Brandt began work on 1864 earlier this year after discovering Barnard’s images in the online catalog of the Atlanta Journal-Constitution during his first visit to Atlanta. The rights to the photographs, all of which are in the public domain, are held by the Library of Congress. Brandt printed negatives from these files and made contact prints, like Barnard, using traditional albumen components of egg whites, silver nitrate and salt, but incorporating the ingredients of a peach pie into his preparatory mixture. A “recipe” for “Matthew Brandt’s Peach Pie” appears in gallery materials, including the peaches (he used canned), eggs, salt, sugar, flour, cinnamon and butter mixture he used to coat his paper before brushing on the silver nitrate and making the negative.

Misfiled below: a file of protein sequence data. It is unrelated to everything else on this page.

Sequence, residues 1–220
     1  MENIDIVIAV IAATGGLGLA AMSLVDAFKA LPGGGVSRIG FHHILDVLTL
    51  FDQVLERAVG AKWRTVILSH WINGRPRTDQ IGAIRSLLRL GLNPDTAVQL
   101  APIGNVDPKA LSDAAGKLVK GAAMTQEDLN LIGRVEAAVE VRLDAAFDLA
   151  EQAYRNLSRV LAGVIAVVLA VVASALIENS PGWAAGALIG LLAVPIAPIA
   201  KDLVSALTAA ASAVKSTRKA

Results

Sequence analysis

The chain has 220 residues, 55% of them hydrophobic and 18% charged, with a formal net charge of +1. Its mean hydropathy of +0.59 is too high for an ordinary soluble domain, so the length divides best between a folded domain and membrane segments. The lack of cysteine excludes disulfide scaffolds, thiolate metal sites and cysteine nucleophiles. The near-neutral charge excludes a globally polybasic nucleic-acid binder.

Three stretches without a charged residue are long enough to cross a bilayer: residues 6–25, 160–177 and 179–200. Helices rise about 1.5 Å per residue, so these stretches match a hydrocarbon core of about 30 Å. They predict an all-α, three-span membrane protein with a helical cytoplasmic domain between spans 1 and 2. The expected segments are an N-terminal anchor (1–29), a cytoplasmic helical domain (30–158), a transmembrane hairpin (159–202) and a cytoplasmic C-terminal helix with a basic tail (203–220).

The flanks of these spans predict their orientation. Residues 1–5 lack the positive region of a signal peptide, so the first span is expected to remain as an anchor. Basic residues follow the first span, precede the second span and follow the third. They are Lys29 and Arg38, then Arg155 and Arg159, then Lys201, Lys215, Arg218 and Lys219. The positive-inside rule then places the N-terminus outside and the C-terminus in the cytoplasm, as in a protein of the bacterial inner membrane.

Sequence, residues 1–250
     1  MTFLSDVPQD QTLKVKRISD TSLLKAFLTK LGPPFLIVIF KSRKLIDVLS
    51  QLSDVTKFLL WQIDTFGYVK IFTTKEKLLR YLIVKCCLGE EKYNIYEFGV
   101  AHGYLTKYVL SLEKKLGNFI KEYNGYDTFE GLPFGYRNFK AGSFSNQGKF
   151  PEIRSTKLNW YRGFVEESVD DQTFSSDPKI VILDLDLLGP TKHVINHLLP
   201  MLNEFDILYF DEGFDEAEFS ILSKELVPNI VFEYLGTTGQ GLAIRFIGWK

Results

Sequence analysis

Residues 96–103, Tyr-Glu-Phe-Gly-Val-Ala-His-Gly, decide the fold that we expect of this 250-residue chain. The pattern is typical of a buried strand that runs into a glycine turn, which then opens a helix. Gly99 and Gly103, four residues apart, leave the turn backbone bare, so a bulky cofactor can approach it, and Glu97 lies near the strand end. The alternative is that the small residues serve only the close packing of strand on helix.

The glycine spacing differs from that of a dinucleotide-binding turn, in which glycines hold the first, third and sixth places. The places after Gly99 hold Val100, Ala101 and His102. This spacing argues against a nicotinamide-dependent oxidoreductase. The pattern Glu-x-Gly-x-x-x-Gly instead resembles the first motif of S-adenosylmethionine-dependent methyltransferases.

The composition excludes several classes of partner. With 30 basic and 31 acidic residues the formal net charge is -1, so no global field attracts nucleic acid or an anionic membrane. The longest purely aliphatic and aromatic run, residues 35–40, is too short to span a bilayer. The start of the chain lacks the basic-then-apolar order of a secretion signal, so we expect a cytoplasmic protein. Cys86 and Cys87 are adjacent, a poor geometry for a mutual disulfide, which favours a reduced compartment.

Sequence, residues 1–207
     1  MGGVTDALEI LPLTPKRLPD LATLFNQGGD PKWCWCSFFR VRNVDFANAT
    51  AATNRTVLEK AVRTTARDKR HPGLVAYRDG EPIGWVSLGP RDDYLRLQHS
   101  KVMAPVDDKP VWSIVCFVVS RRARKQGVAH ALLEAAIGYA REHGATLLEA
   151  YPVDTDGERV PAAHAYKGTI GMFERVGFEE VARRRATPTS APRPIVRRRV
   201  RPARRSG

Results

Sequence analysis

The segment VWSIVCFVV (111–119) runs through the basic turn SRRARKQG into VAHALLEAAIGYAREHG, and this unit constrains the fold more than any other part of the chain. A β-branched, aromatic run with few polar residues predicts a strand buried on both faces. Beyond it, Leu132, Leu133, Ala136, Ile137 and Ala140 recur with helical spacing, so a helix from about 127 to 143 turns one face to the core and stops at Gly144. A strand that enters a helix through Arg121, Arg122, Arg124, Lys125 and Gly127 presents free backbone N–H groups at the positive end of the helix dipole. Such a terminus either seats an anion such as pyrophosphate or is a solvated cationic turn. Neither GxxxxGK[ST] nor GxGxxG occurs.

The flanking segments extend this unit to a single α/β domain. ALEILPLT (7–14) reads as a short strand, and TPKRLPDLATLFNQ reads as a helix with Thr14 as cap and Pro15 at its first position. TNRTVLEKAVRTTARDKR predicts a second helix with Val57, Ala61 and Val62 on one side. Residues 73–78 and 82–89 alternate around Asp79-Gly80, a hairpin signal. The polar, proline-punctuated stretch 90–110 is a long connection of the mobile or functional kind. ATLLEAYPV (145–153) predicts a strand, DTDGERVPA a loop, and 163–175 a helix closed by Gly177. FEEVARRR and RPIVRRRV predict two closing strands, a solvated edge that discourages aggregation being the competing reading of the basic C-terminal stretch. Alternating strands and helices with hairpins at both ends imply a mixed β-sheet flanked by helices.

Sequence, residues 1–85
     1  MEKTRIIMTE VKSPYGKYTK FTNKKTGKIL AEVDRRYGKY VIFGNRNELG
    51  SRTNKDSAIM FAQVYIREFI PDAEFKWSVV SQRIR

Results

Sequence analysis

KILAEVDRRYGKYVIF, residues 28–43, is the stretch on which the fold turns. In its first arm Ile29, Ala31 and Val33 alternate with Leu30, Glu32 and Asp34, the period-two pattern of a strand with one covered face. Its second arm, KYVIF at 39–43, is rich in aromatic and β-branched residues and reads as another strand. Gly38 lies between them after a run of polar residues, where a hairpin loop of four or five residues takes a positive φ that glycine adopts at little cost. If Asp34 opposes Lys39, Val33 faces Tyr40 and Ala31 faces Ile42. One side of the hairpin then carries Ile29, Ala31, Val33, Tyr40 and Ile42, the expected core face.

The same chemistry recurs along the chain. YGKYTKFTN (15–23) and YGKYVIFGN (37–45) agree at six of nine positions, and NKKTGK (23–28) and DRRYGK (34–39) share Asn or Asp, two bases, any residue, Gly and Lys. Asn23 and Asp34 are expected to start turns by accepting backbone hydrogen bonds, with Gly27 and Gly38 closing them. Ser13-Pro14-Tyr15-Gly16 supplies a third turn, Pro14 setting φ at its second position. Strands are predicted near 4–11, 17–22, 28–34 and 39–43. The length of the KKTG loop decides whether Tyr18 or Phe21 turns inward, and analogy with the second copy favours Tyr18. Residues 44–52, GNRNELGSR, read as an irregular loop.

Matthew Brandt, 1864, 033355a1, 2017. (Copyright of the artist and courtesy of Jackson Fine Art, Atlanta.)

Brandt’s most noticeable physical manipulation of Barnard’s images is his crop of the originals, most often — as in 1864, 03480aS1 and 1864, 03475a2 — in ways that shorten or almost eradicate the foreground, emphasizing an empty sky. (Incidentally, Barnard wasn’t a straight photojournalist. He often made separate negatives of clouds to dramatize those empty skies and later printed in combination with battleground scenes to lend the emotional impact he desired for the scene.)